Thursday, January 12, 2012

Homicide no longer in the list of top 15 causes of death in US

Leave the bulletproof vest at home, a bottle of aspirin is more likely to save your life.

The CDC's annual report on the top 15 causes of death in the US was released this past Wednesday, and surprise!: homicide is no longer on the list, this in spite of the expiration of the 1994 'Assault' Weapons Ban  in 2004. A gun-control supporter would probably be shocked to notice that the increase in availability of firearms has not caused the homicide rate to increase.

Guns do not cause murders, because guns are simply inanimate objects. The average American is more likely to die as a result of suicide than at the hands of a murderer.

The top 15 causes of death in the US are:


1 Diseases of heart
2 Malignant neoplasms
3 Chronic lower respiratory diseases
4 Cerebrovascular diseases
5 Accidents (unintentional injuries)
6 Alzheimer’s disease
7 Diabetes mellitus
8 Nephritis, nephrotic syndrome and nephrosis
9 Influenza and pneumonia
10 Intentional self-harm (suicide)
11 Septicemia
12 Chronic liver disease and cirrhosis
13 Essential hypertension and hypertensive renal disease
14 Parkinson’s disease
15 Pneumonitis due to solids and liquid

So Americans are either increasingly safer from accidents and crime... or they are just increasingly unhealthier, which would not be surprising given their poor eating habits and lazy lifestyle. It is worth noting that as life expectancy increases, age-related diseases become more prevalent causes of death than accidents or violence.

http://www.cdc.gov/nchs/data/nvsr/nvsr60/nvsr60_04.pdf

4 comments:

  1. There's two things at work. One is that we are getting less healthy (especially through obesity), but another is that doctors have gotten much better as treating traumatic wounds. The rate at which people die from assault has fallen faster than the rate of assault.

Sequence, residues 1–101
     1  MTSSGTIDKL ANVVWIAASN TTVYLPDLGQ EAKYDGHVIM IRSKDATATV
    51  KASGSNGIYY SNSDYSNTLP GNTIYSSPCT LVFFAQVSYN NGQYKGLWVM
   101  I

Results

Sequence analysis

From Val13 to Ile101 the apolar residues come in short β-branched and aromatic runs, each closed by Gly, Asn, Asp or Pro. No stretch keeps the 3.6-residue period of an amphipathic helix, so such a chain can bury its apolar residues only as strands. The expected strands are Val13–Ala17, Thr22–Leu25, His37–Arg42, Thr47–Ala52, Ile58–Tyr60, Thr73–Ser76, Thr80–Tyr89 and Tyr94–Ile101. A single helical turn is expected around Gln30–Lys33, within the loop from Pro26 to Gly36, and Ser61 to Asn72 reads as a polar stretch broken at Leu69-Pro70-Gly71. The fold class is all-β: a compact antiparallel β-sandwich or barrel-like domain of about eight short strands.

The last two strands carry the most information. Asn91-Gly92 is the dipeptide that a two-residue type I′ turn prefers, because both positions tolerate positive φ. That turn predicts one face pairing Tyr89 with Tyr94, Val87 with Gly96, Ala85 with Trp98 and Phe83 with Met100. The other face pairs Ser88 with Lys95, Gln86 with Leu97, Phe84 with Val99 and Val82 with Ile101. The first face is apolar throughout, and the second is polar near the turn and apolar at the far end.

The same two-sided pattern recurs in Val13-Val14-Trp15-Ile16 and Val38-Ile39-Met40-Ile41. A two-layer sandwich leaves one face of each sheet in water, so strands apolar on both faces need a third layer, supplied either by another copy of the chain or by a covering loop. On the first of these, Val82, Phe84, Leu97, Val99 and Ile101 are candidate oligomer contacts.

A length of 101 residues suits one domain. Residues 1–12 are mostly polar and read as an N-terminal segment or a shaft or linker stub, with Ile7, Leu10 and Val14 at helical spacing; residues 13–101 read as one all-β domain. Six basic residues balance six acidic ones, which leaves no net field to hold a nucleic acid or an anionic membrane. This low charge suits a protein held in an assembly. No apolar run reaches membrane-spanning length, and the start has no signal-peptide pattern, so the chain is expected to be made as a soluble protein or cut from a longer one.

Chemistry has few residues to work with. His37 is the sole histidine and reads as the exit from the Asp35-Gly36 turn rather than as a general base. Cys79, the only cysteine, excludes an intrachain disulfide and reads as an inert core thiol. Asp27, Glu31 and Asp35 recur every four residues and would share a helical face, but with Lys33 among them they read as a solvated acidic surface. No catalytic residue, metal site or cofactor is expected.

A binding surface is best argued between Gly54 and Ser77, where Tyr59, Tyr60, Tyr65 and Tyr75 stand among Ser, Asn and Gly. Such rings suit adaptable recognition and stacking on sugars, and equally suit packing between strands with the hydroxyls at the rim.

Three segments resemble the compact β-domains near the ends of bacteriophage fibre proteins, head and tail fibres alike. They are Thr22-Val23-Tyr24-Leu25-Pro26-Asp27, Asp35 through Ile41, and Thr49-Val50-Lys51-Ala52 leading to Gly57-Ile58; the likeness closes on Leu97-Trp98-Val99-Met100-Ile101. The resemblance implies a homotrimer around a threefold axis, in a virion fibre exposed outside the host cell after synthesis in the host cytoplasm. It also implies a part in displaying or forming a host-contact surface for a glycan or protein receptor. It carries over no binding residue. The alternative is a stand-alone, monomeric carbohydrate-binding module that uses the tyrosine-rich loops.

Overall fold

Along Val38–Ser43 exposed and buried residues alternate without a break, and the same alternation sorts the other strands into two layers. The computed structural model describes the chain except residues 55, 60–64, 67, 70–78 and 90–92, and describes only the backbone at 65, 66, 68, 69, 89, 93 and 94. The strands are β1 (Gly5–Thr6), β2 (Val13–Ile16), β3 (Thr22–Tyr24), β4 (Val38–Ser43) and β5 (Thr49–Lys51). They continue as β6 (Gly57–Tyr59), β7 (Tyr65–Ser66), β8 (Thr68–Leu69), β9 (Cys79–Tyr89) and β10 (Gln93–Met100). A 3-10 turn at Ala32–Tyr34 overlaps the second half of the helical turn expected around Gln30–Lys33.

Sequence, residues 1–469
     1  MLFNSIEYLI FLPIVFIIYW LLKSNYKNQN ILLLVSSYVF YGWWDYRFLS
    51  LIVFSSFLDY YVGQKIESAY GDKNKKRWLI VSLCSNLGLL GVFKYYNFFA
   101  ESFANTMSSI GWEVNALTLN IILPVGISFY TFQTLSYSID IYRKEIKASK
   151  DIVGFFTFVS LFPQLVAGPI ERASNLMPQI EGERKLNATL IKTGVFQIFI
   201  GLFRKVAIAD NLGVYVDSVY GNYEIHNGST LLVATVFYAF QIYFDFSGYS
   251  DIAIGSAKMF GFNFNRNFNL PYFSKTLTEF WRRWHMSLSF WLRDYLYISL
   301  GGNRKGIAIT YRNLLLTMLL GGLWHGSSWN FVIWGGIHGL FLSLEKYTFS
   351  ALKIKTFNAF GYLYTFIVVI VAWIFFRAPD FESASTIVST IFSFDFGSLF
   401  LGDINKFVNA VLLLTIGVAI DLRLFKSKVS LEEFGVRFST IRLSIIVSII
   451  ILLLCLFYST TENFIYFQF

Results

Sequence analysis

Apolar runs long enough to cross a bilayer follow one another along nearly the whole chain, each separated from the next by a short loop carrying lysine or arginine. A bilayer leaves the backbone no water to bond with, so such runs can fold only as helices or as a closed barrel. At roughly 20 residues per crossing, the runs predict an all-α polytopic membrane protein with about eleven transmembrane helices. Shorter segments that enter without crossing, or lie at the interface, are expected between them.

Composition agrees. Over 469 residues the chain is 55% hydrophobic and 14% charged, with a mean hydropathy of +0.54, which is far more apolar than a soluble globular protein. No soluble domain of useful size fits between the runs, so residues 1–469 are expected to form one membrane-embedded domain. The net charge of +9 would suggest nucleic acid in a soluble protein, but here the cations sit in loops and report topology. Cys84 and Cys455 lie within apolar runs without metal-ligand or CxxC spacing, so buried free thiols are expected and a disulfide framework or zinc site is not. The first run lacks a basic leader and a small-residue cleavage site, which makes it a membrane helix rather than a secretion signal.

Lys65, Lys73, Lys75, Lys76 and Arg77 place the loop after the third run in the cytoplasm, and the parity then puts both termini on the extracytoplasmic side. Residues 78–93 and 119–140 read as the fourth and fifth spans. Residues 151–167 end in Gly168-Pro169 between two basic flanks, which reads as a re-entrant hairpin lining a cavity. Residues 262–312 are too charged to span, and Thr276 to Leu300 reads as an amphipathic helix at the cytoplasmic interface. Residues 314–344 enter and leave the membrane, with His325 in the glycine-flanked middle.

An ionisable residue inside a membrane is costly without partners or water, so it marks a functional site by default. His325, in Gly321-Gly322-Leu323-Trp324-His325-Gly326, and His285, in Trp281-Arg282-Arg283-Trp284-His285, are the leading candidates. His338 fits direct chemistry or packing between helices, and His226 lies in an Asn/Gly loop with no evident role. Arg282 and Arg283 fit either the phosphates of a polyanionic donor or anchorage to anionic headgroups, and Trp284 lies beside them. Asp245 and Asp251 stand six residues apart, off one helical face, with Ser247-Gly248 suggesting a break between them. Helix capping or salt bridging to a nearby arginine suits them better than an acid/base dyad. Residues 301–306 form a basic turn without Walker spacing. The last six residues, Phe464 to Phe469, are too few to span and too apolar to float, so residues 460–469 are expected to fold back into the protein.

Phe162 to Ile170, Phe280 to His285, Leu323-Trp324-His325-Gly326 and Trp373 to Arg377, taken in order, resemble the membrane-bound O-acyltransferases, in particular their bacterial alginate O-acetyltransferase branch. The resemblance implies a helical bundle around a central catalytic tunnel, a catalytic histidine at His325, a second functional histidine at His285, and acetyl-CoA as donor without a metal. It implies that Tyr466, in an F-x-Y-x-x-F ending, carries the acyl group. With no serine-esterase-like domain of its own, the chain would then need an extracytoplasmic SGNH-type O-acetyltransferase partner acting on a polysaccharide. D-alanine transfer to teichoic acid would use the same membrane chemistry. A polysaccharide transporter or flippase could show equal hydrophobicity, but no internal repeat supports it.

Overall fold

On a slightly related, Ive been reading about how the two primary reasons for the decrease in crime overall has been the availability of abortion, followed by the removal of lead from gasoline and paint.

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  2. I read something similar in Steven D. Levitt's Freakonomics. His argument was that the reason why the crime rate has been dropping is not because of more intensive law enforcement or even more gun control, but rather that when abortion became legal, young women were given a way out of poverty and after a decade and a half, there was a diminished supply of deadbeat teenagers, because fewer of them had been born in the first place: there was less crime because there were fewer criminals. Why pay to put kids in prison when you can just abort them? Fiscal conservatives should support that.

    There's definitely a lot of factors that come into play to explain these numbers.

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